Sean Collins has never let the size of his school alter his outlook.
Collins has been the boys' basketball coach at two Group 1 schools, the smallest enrollment classification in New Jersey. In both instances, his little guys routinely knocked off the giants.
Collins went 111-44 at Schalick. He has gone 131-21 in five seasons guiding the Red Raiders.
Collins has brought a Group 4 mentality to a Group 1 school. That mind-set was evident this year.
The Red Raiders finished the season 31-3 and won the state Group 1 championship. That record includes wins over South Jersey Group 2 champion Camden and Group 3 champ Winslow Township.
When the Red Raiders beat Group 3 state champion Bergenfield, 90-65, in an opening-round matchup in the Tournament of Champions, they became just the second Group 1 team in South Jersey history to win a T of C game.
During the regular season, Paulsboro entered several showcases, always looking for the highest competition.
And their coach wasn't worried about the losses, just about seeing his team develop.
As it turned out, the Red Raiders kept winning, and their coach continued to challenge his veteran team as much as possible.
"I feel if you can play the best competition, it will get you ready for the state tournament," said Collins, The Inquirer's South Jersey boys' basketball coach of the year.
His team was toughened up, and it followed the lead of a coach who always seems in control of his emotions.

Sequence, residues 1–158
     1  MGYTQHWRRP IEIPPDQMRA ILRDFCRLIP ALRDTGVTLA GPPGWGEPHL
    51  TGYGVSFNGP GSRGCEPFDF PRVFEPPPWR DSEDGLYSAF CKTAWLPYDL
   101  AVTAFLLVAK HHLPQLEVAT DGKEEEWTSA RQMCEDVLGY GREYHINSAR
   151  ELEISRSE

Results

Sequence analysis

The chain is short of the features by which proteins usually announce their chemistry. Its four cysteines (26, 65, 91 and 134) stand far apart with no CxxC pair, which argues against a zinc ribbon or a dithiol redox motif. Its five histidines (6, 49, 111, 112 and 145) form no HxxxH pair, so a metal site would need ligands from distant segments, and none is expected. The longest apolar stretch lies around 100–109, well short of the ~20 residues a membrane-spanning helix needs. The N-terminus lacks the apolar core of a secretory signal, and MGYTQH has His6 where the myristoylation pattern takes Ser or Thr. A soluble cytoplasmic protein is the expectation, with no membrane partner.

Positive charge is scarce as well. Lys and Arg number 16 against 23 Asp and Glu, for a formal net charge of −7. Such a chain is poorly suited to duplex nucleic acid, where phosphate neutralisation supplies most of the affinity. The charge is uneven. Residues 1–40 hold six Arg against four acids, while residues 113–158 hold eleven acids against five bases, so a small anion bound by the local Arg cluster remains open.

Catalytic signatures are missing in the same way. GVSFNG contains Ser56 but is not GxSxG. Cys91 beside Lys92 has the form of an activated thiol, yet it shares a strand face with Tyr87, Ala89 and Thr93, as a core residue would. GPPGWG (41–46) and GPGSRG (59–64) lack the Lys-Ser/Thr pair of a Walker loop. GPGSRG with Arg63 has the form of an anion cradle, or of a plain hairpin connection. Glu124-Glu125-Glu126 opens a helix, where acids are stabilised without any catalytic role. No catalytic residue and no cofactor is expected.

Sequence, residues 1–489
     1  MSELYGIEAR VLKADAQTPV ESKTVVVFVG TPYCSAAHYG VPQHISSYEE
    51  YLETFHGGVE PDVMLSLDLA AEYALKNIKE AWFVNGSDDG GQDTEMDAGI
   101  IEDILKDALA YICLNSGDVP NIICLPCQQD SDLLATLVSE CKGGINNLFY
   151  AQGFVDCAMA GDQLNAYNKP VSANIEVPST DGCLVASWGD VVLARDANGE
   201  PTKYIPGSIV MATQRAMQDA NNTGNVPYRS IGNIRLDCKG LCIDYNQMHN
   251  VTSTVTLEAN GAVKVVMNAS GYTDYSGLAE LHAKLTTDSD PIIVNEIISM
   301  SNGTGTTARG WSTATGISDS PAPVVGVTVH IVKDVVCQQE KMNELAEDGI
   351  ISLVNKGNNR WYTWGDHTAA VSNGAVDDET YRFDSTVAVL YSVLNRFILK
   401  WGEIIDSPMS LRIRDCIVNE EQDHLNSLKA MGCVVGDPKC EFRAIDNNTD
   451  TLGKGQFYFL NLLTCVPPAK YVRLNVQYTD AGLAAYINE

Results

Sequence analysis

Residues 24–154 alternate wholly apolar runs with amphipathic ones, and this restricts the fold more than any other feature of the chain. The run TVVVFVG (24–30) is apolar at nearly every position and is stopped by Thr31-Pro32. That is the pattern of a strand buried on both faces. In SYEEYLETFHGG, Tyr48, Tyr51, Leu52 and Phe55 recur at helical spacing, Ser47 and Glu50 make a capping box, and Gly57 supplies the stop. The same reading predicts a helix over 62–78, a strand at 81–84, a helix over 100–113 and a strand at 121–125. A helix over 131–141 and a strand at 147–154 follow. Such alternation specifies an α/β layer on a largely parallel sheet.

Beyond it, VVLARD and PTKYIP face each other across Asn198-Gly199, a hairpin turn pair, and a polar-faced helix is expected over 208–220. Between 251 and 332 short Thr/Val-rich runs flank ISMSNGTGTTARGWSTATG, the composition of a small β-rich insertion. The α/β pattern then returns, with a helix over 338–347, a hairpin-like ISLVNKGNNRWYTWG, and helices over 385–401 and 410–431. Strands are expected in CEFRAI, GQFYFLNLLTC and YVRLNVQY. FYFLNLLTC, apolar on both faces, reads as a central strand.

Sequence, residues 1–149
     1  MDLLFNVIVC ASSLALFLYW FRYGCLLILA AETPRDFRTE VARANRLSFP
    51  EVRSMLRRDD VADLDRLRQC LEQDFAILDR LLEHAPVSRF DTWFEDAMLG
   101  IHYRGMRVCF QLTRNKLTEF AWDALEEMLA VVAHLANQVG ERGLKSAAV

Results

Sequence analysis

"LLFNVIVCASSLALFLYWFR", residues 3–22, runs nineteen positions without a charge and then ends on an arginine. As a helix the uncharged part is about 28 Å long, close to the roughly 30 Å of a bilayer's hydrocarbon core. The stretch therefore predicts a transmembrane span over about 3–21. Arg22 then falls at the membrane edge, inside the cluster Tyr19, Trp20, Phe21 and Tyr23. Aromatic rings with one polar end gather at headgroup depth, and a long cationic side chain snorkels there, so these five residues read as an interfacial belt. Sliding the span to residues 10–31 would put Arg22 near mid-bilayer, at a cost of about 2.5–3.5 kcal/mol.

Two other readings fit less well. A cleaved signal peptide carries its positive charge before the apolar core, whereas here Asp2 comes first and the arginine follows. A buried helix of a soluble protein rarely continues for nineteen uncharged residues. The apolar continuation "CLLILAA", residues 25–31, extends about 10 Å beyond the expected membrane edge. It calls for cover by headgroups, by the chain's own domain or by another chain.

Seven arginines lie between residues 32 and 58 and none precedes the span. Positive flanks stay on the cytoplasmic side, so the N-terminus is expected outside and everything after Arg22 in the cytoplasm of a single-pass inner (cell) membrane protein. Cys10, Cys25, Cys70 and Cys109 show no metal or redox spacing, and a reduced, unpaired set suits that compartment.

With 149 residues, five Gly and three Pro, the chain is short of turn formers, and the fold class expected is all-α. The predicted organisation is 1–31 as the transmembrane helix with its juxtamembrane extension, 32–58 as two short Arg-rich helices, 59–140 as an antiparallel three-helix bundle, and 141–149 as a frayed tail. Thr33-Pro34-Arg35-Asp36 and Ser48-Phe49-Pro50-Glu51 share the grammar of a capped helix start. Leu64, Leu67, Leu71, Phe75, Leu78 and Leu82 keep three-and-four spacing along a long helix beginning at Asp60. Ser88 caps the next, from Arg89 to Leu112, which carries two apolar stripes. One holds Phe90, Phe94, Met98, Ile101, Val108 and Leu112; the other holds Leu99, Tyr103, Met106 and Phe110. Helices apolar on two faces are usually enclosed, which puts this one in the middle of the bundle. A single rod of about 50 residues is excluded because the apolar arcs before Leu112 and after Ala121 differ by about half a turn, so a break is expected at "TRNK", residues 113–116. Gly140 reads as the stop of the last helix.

Collins never appears to panic, and his calming influence drifts down to the team. Collins has a great feel for his team's pulse, knowing when to drive his players hard and when to pull back on the reins.
"He likes to laugh with us, but we all know when he means business," said senior forward Saleem Little, a four-year varsity performer. "He does a great job of balancing discipline and fun."
Collins was a standout high school player at Schalick in the mid-'90s, and he played Division I basketball at Monmouth. His credentials as a player have surely helped him as a coach.
"We know he is a really good basketball player and that allowed us to buy into what he tells us," Little said. "He has been there before."
Collins is smart enough to know that not every player had the talent he possessed as a sharpshooting guard. He doesn't expect his players to fit into his mold, just to play hard.
Paulsboro has certainly done that.
This is a school that is known for its outstanding football and wrestling programs, although basketball had enjoyed some strong eras.
"The wrestling and football teams have had such great success, but what I found out is that there are a lot of passionate basketball fans," Collins said.
In other words, the expectations were high when he came in, and Collins still has been able to exceed them.
With Collins at the helm, basketball has surely made a big contribution to the storied Paulsboro athletic tradition. This year, the Red Raiders won the second state title in school history with a 78-48 victory over University High.
Under Collins, the Red Raiders have won five Colonial Conference Patriot Division titles and three South Jersey Group 1 championships.
He made his players believe that they were Group 1 in name only. Collins didn't want his team to use the small enrollment as an excuse. He constantly preached to his players that they could compete with anybody.
When the Red Raiders ended the season as The Inquirer's No. 1-ranked team in South Jersey, it showed that Collins' words and actions had truly made an impact.